The movie follows the exploits of a band of evil men, termed droogs, moving about a utopian socialist Britain. I think that is an important aspect of the movie's message. These young men aren't stealing loves of bread for starving loved ones, they have every material need supplied by a generous government. Yet they are evil.
IF the movie showed women "asking for it" by dressing or acting provocatively, then excused the droogs on that basis, YEAH that would be misogynistic. Big Time. This movie does the opposite of excusing or justifying violence against others, it condemns it and uses it as a premise for what happens in the 2nd and 3rd reels.
Where it might be sexist, I suppose, is that women were victims to evoke greater sympathy in audiences. Is it sexist to think women are inherently weaker or less capable of defending themselves? Is it sexist to think viewers will be naturally sympathetic to a female rape victim. Maybe, but that's a bit of a stretch. (And the 2nd Amendment empowers women to carry an equalizer.)
The hard thing about good and evil is knowing the difference. There are things that I think are evil, that if I told you, you'd think I'm evil for thinking them evil. Should those things come up, I'll depict them as accurately and as honestly as I can, while leaving the reader to make his/her own mind up about good and evil regarding these things. Other things like rape, murder, and assault are not in this category, the writer can express disapproval, but the wise writer doesn't hit the reader over the head with a moral club.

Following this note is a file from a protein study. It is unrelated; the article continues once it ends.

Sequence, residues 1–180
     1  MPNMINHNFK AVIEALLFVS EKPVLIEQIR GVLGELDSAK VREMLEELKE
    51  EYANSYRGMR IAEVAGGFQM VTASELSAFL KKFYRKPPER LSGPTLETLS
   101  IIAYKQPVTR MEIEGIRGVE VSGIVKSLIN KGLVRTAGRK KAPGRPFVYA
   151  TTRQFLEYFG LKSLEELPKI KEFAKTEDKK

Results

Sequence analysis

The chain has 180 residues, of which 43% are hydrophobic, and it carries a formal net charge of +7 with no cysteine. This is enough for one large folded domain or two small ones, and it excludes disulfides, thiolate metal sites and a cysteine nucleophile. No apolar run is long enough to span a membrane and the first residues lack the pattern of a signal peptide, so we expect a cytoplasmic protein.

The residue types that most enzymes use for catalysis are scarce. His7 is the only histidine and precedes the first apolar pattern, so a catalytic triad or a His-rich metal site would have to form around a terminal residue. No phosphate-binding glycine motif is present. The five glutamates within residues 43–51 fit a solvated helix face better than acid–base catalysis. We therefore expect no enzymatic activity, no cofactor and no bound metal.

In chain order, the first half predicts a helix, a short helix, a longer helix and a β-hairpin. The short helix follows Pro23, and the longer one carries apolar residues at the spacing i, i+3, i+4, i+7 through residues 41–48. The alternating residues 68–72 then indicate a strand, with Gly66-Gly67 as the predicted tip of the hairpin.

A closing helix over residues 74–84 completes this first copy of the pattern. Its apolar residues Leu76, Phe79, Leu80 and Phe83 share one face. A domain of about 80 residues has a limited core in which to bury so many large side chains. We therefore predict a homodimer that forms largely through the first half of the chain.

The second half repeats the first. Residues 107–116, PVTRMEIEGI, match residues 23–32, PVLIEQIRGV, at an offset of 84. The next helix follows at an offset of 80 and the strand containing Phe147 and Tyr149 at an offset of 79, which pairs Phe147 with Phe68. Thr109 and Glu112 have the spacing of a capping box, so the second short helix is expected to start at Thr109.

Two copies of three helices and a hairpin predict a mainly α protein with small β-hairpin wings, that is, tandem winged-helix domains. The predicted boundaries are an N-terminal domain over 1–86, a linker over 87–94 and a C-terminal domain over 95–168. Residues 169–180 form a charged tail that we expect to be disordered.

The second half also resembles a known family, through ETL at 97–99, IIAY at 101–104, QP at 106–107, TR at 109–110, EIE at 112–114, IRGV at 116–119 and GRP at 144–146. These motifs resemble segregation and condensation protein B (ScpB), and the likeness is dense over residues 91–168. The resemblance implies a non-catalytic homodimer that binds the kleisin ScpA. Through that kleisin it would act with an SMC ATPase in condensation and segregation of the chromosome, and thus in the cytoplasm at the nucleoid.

BUT suppose I tell you a little more about this white boy who uses the n-word: He's a fugitive and he's helping Jim, an escaped slave, get away down the Mississippi river. And the author is playing a sly game of showing a noble black man surrounded by white savages. Huckleberry Finn is in the middle coming to realize Jim is a better man than the whites known as "the duke" and "the king" who are scalawags.
When you find your story taking you into something you don't approve of, you should tell the truth of it. If it's something we all agree about like Nazis, we'll understand the irony of Springtime for Hitler. If it's something like rape and murder, it should be clear you're not endorsing it. But a reader like my friend can err by thinking it's misogynist or racist.
That's a risk, but I think the game is definitely worth the candle.